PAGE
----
Jun 14, 2010

Ifill receives Fred Friendly First Amendment Award

Quinnipiac University in Hamden, Conn., presented its 17th annual Fred Friendly First Amendment Award to Gwen Ifill of PBS's Washington Week, during a luncheon today (June 14) at the Metropolitan Club in New York City. The award, named for the former CBS News president, acknowledges those who have shown courage in preserving the Constitutional right. "Gwen is a top writer, great reporter and fine communicator," said Ruth Friendly, Friendly's widow, who presented the award. "She is gutsy, determined and dedicated to her craft. . . . I can't help but to feel the presence of Fred today. He would be nodding hearty approval, too." Former winners include Tom Brokaw, Morley Safer, Lesley Stahl, Ted Koppel, Jim Lehrer and Tim Russert.

Paper examines NJN's Blumenthal and his private nonprof restructuring plan

New Jersey Network Interim Director Howard Blumenthal and his leadership of Philadelphia's indie pubcaster MiND TV (WYBE)  is the focus of a story Sunday (June 13) in the Bergen, N.J., Record. His "bold privatization plan" (PDF) to transfer the TV/radio network to a nonprofit would "unload a taxpayer asset with an estimated value of $200 million," the paper says. During his time as CEO of MiND TV, it paid a fine for airing commercials; Blumenthal said an oversight by busy staff members led to the fine. Also, net assets for MiND dropped 16 percent. But Douglas Eakeley, chairman of the NJN Foundation, supports Blumenthal and his plan, which has been called a "radical restructuring" by the  Record. "As we went to the private sector for capital infrastructure improvements or the like, the fairly frequent response was: 'Well, you're asking us to repair the roof of the house that the state owns,'" Eakeley said. Being linked to the state "actually was an impediment to raise funds." The network will find out by July 1 if it will get $4 million cut from its state funding, as Gov. Chris Christie has proposed.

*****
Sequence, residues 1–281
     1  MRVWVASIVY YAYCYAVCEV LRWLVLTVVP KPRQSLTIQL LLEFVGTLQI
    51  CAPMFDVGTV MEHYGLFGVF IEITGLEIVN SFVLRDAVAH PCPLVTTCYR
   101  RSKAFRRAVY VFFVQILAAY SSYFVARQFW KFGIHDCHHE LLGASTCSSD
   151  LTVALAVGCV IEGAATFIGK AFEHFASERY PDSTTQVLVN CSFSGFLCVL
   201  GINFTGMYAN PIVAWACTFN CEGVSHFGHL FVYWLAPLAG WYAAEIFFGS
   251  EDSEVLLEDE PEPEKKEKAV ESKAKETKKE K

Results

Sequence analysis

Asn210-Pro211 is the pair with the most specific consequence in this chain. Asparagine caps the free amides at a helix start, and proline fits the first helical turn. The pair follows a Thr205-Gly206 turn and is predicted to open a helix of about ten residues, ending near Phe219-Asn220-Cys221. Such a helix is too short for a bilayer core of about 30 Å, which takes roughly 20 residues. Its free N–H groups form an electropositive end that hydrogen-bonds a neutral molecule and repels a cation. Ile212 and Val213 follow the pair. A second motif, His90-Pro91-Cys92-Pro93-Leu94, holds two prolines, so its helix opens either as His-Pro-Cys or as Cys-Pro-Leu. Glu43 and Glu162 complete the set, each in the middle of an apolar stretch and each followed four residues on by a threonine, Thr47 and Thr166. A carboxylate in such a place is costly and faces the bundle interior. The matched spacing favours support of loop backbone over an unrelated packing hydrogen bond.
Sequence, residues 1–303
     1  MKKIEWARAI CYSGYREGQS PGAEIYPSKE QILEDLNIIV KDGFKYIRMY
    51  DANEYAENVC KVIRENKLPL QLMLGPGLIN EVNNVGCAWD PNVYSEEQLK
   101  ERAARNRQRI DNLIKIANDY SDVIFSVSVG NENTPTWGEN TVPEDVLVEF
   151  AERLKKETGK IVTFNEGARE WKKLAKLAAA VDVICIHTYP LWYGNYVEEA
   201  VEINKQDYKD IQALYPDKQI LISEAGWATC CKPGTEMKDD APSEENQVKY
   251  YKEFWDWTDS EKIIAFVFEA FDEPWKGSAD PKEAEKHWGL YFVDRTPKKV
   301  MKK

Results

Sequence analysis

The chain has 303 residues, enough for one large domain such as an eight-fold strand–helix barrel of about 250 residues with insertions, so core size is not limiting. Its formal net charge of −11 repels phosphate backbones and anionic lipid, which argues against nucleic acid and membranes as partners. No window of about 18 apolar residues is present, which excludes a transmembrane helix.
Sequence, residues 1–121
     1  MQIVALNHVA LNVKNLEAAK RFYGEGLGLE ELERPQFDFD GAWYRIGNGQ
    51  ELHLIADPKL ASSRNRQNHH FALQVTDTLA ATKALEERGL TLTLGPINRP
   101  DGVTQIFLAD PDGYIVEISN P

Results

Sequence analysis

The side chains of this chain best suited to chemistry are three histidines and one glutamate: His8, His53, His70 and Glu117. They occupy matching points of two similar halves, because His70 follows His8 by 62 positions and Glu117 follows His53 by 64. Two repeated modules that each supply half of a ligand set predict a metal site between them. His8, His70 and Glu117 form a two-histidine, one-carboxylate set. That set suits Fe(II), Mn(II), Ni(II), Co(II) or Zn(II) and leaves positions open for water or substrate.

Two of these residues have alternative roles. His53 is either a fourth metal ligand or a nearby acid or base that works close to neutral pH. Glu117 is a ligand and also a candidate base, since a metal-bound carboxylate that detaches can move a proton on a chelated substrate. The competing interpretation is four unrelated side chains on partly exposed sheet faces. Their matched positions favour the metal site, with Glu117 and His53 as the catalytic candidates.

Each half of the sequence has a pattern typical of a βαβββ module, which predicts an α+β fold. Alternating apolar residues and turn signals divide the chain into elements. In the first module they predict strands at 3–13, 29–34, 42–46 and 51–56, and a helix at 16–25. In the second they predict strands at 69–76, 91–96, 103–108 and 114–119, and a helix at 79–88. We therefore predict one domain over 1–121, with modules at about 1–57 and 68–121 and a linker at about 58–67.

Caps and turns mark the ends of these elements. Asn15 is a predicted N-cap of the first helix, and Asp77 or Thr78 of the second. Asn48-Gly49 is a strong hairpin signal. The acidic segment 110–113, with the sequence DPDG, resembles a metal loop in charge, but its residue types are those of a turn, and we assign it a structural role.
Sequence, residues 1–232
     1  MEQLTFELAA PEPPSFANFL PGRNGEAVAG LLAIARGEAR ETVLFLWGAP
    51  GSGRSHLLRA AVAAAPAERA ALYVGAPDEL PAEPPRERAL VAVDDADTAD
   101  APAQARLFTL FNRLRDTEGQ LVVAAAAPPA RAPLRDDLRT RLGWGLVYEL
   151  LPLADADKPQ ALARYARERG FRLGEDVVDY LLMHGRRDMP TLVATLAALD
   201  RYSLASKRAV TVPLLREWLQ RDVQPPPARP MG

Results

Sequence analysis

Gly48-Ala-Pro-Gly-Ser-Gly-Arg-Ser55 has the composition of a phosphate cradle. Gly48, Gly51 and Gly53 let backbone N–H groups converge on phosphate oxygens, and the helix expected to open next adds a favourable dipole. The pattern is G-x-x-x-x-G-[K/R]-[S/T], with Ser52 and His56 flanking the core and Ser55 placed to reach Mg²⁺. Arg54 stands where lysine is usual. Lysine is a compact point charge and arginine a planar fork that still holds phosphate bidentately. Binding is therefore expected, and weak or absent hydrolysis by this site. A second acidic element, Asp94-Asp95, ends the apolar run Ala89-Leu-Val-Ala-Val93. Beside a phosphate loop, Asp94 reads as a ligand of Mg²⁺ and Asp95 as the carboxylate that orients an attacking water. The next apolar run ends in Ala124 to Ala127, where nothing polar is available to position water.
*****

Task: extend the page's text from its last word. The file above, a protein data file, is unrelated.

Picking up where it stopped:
UPDATE: An NJN spokesperson corrected details we published earlier here: Blumenthal continues as part-time g.m. of WYBE while handling the job at NJN. The FCC fine cost WYBE $2,500, not $25,000. NJN said the estimate of NJN's assets was calculated by the employee union, which opposes the spinoff, and not by the newspaper.

Possible 50 percent-plus state cut faces pubcasters in South Carolina

South Carolina Educational TV is the latest in an ever-growing number of stations facing state budget cuts. ETV finds out Tuesday (June 15) if it will see over 50 percent cut, more than $5 million of its $10 million in state support, the South Carolina Radio Network reports. On Friday (June 11) ETV posted an "emergency alert" asking viewers to contact state legislators to protest the cutback, which it says would have a "crippling effect" on services. ETV is statewide network with 11 pubTV stations, eight radio transmitters and a closed circuit educational telecommunications system to schools statewide. The cut may force ETV to discontinue its public safety and local government training, it said. It came in the form of a veto by the governor.

Henson Company to release 3D movie

The Jim Henson Company is working on a 3D sequel to Jim Henson's "Dark Crystal" film, CEO Lisa Henson tells Reuters. She said several of her father's primary interests before he died in 1990 were 3D films, computer animation and digital imagery. "He was pretty far ahead of his time, and I like to think that we have taken the company in the direction he would have chosen," she said. "I really believe that 3D will only get better." The movie, "The Power of the Dark Crystal" will be made in Australia with using techniques including 3D and CGI to propel puppets into the 21st century and beyond. Tentative release is 2013.